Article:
Click here for Frequently Asked Questions on Radionucleotide Scans.

Radioactive isotopes, such as 123-I or 99-Tc may be taken up by the thyroid, and used to visualize the functional anatomy of the thyroid. Regions of the thyroid that are functioning and actively incorporating the isotope will be detected with a counter, forming an image of the thyroid that reflects the ability of specific regions of the thyroid to trap the isotope.Regions of the thyroid that are not functioning normally, or are filled with fluid, will not take up the isotope, and will appear as 'cold' or hypofunctioning regions on the thyroid scan.Imaging studies should be avoided in pregnant women or in women who may be uncertain as to whether they are pregnant. When doubt arises, a pregnancy test is recommended prior to the scan.

Quantification of the amount of iodine that a thyroid gland can take up may be obtained from an iodine uptake test. This test does not generate a picture of the thyroid, but involves ascertaining the percentage of radioactive iodine localized to the thyroid after a small amount of the isotope is administered. In most centers, the amount of radioactive iodine taken up is assessed a few hours after it is administered, and again 24 hrs later. This test is commonly obtained to differentiate various forms of hyperthyroidism, such as Grave's Disease, versus thyroiditis.


Are these imaging studies using radioactive materials safe for children?

There have been no long term reports of increased thyroid problems following use of 131-I. In fact, there have been studies showing no increased incidence of thyroid cancer after diagnostic scanning in children. See Thyroid cancer after diagnostic administration of iodine-131 in childhood. Radiat Res. 2001 Jul;156(1):61-70.

I have renal failure and I am on dialysis-Can I still have a diagnostic test or treatment with radioactive iodine?

Although a pre-test or pre-treatment assessment should be done to estimate dosing, these types of tests and treatments can be safely administered to patients with kidney failure on dialysis. See Nuclear medicine studies in the dialysis patient. Semin Dial. 2002 Jul-Aug;15(4):269-76.

Is any preparation required for the scan?

Try and avoid inadvertent exposure to exogenous iodine in the form of supplements, contrast dye, kelp, or some drugs. Similarly, the utility of the scan my be compromised in patients taking thyroid hormone

I had a PET scan for cancer surveillance "light up my thyroid"-is this common?

Posittron emission tomography (PET) scanning employs the used of radiolabelled glucose molecules to indirectly assess the metabolism of cells. The premise is that cancer cells have activated metabolism, willmore readily take up the glucose isotope, and the cells can be imaged by the radiation they emit. In some instances, the thyroid gland diffusely may take up large amounts of F18-fluorodeoxyglucose, in the absence of cancer involvement, often in the setting of autoimmune thyroid diseases such as Hashimoto's thyroitis. This has been described in women with a history of breast cancer that had positive thyroid PET scans after treatment. Factors Associated with the Development of New Onset Diffuse Thyroid F18-Fluorodeoxyglucose Uptake After Treatment of Breast Cancer in Patients Without a History of Thyroid Disease or Thyroid Dysfunction Thyroid. 2011 Dec 5. [Epub ahead of print]. In contrast, focal localization of F18-fluorodeoxyglucose to a very small area of the thyroid should prompt investigation as to the possibility of an incidental thyroid cancer Thyroid Incidentalomas on Fluorine-18-Fluorodeoxyglucose Positron Emission Tomography-Computed Tomography: Incidence, Malignancy Risk, and Comparison of Standardized Uptake Values Can Assoc Radiol J. 2011 Dec 2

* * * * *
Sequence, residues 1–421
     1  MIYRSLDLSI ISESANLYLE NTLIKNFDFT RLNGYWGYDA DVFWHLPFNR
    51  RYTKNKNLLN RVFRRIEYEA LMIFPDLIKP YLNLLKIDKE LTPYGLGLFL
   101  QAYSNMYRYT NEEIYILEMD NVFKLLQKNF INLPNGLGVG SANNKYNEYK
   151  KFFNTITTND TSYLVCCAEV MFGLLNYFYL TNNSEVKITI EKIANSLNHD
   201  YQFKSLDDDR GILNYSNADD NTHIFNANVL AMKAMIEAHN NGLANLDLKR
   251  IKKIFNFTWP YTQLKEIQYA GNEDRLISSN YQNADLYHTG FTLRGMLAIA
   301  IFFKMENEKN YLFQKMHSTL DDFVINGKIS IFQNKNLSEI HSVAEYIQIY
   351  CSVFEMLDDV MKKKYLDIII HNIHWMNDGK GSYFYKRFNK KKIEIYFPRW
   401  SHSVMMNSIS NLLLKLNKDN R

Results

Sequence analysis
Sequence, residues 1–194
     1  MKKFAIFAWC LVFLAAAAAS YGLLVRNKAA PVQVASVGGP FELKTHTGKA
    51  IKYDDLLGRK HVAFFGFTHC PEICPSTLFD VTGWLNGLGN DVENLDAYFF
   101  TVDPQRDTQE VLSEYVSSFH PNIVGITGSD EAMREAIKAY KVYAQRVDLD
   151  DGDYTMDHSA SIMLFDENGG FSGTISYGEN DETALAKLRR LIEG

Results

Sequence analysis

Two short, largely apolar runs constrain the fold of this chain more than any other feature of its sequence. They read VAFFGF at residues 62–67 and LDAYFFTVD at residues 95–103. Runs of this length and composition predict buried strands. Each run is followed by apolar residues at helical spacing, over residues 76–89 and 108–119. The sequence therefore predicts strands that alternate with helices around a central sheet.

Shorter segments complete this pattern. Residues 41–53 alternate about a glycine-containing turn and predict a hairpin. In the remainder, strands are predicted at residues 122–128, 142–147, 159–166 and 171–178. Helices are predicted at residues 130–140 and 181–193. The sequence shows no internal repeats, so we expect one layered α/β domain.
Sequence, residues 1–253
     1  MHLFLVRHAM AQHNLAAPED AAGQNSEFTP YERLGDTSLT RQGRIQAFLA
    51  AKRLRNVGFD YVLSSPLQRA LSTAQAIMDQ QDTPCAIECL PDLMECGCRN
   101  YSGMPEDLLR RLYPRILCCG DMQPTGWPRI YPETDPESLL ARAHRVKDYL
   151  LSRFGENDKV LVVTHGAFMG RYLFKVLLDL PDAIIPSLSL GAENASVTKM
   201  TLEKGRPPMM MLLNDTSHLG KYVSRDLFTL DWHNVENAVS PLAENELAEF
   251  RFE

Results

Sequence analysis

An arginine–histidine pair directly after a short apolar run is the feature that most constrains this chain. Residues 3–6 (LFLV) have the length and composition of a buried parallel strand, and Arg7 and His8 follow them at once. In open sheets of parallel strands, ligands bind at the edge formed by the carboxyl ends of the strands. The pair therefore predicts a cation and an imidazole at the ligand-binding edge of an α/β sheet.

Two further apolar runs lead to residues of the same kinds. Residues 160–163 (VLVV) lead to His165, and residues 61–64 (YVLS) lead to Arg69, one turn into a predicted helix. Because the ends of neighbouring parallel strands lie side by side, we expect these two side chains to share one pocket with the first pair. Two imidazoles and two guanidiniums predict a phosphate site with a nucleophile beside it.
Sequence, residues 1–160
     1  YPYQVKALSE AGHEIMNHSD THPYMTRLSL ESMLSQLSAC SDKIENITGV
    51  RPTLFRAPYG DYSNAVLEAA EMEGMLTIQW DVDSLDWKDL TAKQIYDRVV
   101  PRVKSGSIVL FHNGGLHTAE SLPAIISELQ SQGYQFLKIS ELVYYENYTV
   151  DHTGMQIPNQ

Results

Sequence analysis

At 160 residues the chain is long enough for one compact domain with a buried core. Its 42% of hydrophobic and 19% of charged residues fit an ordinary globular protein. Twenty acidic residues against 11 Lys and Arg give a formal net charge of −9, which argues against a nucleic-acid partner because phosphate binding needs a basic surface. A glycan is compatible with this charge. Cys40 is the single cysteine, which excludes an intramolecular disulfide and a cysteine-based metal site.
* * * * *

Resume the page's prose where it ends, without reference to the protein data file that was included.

Analysis of a large number of patients with PET scans demonstrates that incidental unexpected detection of a thyroid abnormality on PET imaging occurs in about 1/40 scans, or 2.5%. Of these, about 1/3 are ultimately diagnosed as thyroid cancer. Hence, although the majority of these incidentalomas are benign, the detection of thyroid uptake on PET scans warrants a careful assessment. Diagnostic and Clinical Significance of F-18-FDG-PET/CT Thyroid Incidentalomas. J Clin Endocrinol Metab. 2012 Aug 17.

I have a low TSH and a nodule-do I need a scan?

A thyroid scan may provide several levels of information, including whether or not the nodule is "hot" or functioning and contributing to excess production of thyroid hormone. If the nodule is warm or cold, a thyroid biopsy may be indicated Thyroid scintigraphy in the era of fine-needle aspiration cytology Clin Endocrinol (Oxf). 2020 Dec 17. doi: 10.1111/cen.14379.